• "Chartwell Manor" recounted the abuses 63-year-old cartoonist Glenn Head suffered in the namesake school
  • Head said he and his fellow students were abused by headmaster "Sir" Terence Michael Lynch
  • Head said his two years in the school left him with emotional scars that he is still processing

Cartoonist Glenn Head revealed for the first time the alleged sexual and emotional abuses he suffered as a child at a New Jersey boarding school in his new graphic memoir, "Chartwell Manor."

According to the book's description provided by publisher Fantagraphics, Head, now 63, was left with "emotional scars in ways that he continues to process" after spending two years in the namesake boarding school in the borough of Mendham that was closed down in 1984.

"Finding myself in Chartwell in the early '70s was like entering a real-world horror comic - depraved, criminal, and corrupting to so many who attended it. No one walked away unsullied," Head revealed prior to the 244-page graphic novel's May 25 release.

"No one asks for the childhood they get, and no child ever deserved to go to Chartwell Manor," read the official synopsis for the graphic novel.

The school, which Head described in the memoir as a "British-style" prep school, was run by headmaster "Sir" Terence Michael Lynch — a U.K.-born serial child molester who was convicted in 1989 for molesting 12 boys at Chartwell Manor. Lynch manipulated young boys into "cuddling sessions" after fondling and beating their nude bodies, the New York Post reported.

"'Sir' was a larger-than-life figure: clownish, exuberant, florid in his speech patterns, grandiose - almost a parody of a boarding school headmaster. He was also a pathological liar and a serial abuser of children. Too criminal for words, he needed to be drawn!" Head was quoted as saying in a statement.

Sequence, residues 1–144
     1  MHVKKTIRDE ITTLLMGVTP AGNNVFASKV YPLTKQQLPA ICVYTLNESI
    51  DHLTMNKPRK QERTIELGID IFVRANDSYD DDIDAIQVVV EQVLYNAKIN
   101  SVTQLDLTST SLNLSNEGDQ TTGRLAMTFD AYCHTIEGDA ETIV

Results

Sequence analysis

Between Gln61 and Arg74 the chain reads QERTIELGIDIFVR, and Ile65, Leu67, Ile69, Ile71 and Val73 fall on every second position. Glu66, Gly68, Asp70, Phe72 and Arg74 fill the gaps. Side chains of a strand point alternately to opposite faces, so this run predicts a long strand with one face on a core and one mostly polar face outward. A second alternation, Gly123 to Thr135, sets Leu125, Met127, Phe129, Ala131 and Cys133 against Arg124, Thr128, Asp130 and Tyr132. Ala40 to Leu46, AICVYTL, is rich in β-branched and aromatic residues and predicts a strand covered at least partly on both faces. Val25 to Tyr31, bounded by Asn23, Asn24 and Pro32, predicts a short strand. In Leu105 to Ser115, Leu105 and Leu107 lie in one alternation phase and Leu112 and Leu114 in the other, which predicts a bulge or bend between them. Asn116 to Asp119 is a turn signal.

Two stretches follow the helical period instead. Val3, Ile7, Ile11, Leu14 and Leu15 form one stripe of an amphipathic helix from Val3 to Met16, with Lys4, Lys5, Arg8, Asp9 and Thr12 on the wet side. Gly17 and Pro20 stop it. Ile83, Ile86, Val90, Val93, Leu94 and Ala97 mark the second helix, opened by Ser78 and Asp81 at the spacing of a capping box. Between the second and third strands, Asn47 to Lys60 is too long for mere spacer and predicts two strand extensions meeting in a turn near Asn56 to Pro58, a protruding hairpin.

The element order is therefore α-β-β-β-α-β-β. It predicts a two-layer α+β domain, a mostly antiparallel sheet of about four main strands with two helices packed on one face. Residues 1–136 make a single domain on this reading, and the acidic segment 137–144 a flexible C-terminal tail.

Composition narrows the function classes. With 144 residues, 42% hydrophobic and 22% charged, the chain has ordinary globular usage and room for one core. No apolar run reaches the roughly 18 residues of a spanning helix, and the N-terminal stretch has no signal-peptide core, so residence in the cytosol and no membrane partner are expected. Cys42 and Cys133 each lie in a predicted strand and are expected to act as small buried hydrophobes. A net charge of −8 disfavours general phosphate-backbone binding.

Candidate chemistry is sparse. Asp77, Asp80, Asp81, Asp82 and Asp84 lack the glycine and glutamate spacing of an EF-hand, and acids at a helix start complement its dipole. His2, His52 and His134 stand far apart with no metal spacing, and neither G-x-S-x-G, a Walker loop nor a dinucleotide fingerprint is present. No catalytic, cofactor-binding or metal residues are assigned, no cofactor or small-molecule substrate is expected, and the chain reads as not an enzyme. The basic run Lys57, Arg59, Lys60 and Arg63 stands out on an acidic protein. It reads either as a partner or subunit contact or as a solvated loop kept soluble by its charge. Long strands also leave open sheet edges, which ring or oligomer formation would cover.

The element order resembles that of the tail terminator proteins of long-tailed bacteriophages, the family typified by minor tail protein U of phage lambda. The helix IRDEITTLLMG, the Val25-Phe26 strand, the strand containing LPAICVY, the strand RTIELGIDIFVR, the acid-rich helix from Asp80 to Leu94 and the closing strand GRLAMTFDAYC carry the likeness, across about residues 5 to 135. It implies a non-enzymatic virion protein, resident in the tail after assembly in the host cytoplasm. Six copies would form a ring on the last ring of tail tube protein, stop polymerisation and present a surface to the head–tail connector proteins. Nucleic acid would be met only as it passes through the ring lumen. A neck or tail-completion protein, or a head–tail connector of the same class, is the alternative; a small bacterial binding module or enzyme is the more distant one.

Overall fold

It took the New York School of Visual Arts graduate almost 50 years to process his experiences before he was able to tell the story publicly, according to the book's official page.

"My bottom-line approach: You gotta know what I know," Head told the New York Post. "You gotta know what I feel like. What’s it like to experience sex abuse and what sexual behavior that may have grown out of that feels like. That’s the deal that’s made when someone picks up the book."

"Drawing Chartwell Manor and the truth of it became a matter of life and death to me. Without the truth, there's nothing," Head was quoted as saying. "Nothing in this book is invented, or exaggerated. It happened like this. To the very best of my ability, I drew it just as it happened."

The cartoonist said he also wanted to recapture Chartwell Manor's "gothic" vibe, which he said was similar to that of Hogwarts School of Witchcraft and Wizardry from the popular "Harry Potter" series of novels by J.K. Rowling.

"An ominous castle in the woods, this boarding school was gothic, haunting, atmospheric, to my 13-year-old eyes. Chartwell Manor, I always felt, was begging for the comic book treatment," Head said.

Head now lives in Brooklyn, New York, with his wife and their 20-year-old daughter, whom he said has not read the book. "But she knows she's in it," the cartoonist told the outlet.

The artist added that while he still bears some emotional scars from the alleged abuses, he considered himself to be among the lucky ones who got through the ordeal.

"I’ve been in touch with some alumni - and a lot of people I knew who were kids then committed suicide or are dead from drug overdoses. Others [got into] criminal things. A lot of that grew right out of that school. A great many students went through what I went through. Alcohol, drugs and sexual behavior followed that went part and parcel with this. I’m very lucky to have been clean and sober for some time," Head was quoted as saying.

Lynch, meanwhile, died at age 77 in 2011. Prior to his death, he was convicted again for assaulting three men between 2004 and 2005 at a drug and alcohol rehabilitation center in Morristown, where he posed as a volunteer doctor doing hernia checks, genital exams and spankings.

His victims there received $780,000 for the abuse, while the students he abused in Chartwell Manor have yet to receive any civil compensation, according to the New York Post.

class-5976481_1920 Representation. Cartoonist Glenn Head's newest graphic memoir, "Chartwell Manor," recounts the sexual and emotional abuses he experienced as a child at the namesake boarding school. Photo: Pixabay